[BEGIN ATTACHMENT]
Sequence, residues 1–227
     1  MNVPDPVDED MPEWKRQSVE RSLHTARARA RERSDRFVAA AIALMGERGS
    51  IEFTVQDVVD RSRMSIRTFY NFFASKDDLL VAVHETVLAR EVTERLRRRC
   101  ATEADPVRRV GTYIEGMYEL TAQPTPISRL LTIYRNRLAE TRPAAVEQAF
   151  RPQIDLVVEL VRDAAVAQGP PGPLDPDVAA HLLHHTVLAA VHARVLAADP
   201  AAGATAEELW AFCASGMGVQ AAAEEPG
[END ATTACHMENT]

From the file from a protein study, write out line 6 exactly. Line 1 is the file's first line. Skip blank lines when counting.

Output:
   201  AAGATAEELW AFCASGMGVQ AAAEEPG